We all know what it’s like: we’re at a busy station, we’re in a rush and there are a large number of announcements coming through over the tannoy. Is that one meant for us? Well, not anymore. At least for passengers in Frankfurt.
Trains are constantly arriving at and departing from the underground platforms. Announcements chase each other at equally regular intervals. To make sure passengers understand announcements even during the busy rush hour periods, Deutsche Bahn and the Rhein-Main-Verkehrsbund (RMV) have teamed up with Berlin-based start-up HOLOPLOT. Their innovative audio system can help.
How Does HOLOPLOT Work?
It is able to target sound waves to any spot in a given space, as precisely as a laser beam. That means announcements are aimed at very specific areas on platforms. Regardless of where on a platform passengers are, they will only receive information that is relevant to them. Announcements for the opposite platform will no longer be audible to them. This makes orientation easier and reduces the overall background noise.
Susanne Kosinsky, who is responsible for the stations in Hesse, Rhineland Palatinate and Saarland for Deutsche Bahn, said:
“HOLOPLOT is a perfect example of how digital technologies are improving customer service at stations. The added value for our customers is literally audible.”
Prof. Knut Ringat, Director of RMV, said:
“Announcements that are easy to understand are a very important component for successful passenger information. We are pleased that HOLOPLOT is celebrating its premiere at RMV’s most important transport hub. We hope that passengers at other stations will soon start benefiting from this innovation.”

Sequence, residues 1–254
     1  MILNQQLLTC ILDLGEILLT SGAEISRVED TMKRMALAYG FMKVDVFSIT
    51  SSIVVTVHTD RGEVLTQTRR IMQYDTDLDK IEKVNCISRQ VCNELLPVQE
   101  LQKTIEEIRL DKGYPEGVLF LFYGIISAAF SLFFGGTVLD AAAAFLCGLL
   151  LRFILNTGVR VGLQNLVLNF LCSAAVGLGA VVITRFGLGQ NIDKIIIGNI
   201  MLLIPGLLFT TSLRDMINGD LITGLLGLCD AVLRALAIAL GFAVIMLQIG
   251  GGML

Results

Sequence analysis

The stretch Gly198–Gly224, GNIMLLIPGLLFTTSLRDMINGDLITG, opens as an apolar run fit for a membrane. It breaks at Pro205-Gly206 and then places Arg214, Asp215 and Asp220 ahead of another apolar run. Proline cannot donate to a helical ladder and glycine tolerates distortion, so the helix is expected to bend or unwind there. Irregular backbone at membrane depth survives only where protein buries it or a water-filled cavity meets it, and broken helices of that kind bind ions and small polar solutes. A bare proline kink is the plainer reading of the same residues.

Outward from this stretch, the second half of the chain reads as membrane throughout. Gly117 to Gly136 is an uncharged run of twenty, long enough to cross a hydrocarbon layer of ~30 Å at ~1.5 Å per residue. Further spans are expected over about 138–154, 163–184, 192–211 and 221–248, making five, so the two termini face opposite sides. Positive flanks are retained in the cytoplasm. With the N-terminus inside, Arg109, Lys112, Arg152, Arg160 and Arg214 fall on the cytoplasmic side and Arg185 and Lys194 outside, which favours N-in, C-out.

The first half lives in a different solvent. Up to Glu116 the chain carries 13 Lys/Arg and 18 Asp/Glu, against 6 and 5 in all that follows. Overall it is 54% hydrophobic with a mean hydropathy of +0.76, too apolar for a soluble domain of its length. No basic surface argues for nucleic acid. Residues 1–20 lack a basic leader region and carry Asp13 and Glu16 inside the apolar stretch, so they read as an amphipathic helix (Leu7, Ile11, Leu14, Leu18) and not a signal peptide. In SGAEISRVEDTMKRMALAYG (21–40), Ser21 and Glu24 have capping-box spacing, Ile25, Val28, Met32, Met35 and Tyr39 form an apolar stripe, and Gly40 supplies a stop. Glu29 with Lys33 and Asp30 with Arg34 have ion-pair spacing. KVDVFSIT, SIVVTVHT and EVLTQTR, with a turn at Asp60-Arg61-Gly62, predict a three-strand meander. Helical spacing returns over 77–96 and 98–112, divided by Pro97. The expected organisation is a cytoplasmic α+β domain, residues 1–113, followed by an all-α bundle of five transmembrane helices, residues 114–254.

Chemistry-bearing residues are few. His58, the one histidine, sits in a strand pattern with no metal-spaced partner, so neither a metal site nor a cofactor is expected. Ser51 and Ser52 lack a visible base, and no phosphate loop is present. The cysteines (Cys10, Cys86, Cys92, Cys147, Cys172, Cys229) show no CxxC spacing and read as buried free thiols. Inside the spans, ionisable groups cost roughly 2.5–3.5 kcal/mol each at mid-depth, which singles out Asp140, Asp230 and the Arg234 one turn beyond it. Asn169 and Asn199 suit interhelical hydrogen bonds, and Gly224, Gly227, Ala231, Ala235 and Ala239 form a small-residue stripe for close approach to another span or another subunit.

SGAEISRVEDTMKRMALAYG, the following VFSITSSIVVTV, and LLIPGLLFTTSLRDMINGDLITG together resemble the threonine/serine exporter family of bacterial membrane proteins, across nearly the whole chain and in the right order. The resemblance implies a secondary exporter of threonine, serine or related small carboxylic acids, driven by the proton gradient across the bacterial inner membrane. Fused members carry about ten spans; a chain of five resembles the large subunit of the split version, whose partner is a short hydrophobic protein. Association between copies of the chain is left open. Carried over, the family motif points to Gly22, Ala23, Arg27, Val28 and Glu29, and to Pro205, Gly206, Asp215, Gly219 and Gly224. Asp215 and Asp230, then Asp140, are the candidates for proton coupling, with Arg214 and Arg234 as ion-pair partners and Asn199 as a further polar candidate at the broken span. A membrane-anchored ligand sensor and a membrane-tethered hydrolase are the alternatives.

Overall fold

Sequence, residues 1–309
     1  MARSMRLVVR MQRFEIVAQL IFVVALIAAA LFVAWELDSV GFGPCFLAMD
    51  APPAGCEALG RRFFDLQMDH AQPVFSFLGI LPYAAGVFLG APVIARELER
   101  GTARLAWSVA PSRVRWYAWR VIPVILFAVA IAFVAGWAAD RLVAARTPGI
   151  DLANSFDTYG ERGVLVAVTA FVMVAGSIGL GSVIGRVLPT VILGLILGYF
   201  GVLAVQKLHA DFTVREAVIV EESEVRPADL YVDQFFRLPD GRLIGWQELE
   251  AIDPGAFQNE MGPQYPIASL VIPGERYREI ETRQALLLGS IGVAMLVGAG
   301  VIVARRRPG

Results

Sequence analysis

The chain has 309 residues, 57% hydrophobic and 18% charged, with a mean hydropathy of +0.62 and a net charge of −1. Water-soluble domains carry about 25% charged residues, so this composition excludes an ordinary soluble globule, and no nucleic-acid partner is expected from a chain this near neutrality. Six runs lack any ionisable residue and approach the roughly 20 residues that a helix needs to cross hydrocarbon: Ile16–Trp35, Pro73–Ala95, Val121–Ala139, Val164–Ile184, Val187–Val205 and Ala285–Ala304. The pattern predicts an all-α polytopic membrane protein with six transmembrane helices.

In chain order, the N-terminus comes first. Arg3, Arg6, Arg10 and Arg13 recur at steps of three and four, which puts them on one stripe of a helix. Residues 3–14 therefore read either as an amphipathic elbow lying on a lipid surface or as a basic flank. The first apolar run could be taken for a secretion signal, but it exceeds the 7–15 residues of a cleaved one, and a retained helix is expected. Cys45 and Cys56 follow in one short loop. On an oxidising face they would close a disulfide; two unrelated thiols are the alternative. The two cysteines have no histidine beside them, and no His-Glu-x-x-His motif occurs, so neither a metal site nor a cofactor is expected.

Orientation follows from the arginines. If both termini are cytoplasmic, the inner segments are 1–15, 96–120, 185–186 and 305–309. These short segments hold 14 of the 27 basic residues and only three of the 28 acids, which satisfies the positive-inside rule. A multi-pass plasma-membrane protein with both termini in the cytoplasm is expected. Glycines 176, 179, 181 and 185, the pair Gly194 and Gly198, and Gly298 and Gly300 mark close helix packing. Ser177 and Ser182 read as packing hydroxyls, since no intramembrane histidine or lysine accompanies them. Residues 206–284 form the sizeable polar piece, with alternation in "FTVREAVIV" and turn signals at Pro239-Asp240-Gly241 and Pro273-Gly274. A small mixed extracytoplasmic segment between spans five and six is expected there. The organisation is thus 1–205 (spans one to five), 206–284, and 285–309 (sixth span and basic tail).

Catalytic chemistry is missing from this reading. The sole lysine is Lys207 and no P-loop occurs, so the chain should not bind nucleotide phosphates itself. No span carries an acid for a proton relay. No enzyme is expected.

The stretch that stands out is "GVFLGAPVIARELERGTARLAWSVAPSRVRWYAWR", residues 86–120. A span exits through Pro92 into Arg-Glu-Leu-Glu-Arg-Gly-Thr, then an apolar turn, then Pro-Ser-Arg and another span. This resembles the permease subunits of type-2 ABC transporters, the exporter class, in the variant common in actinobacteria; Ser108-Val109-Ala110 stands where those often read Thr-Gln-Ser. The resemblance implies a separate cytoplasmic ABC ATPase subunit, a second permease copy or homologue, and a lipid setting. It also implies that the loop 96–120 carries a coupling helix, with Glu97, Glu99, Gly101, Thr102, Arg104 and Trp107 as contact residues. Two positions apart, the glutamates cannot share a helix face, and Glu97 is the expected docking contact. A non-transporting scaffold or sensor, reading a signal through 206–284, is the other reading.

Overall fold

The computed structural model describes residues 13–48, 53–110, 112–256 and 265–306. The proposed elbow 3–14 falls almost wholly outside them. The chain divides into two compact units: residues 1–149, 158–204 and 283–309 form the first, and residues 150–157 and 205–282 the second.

Roman Sick, CEO of HOLOPLOT, says the test in Frankfurt am Main is a further milestone in their collaboration with Deutsche Bahn:
“Two years ago we participated in DB’s mindbox programme, which supports start-ups, with our solution. Now our audio system is installed in a station and benefits around 50,000 passengers a day. It’s a great feeling.”
The HOLOPLOT system will now undergo rigorous testing on S-Bahn platforms 103 and 104 over the coming six months. Specifically, 23 audio modules are in place in 11 locations. If the customer feedback is positive, the software-controlled loudspeakers could soon operate in additional stations.
DB mindbox is based in Berlin. Start-ups and DB employees work together on innovations based on digital technologies to make rail travel sustainable, more attractive and more competitive.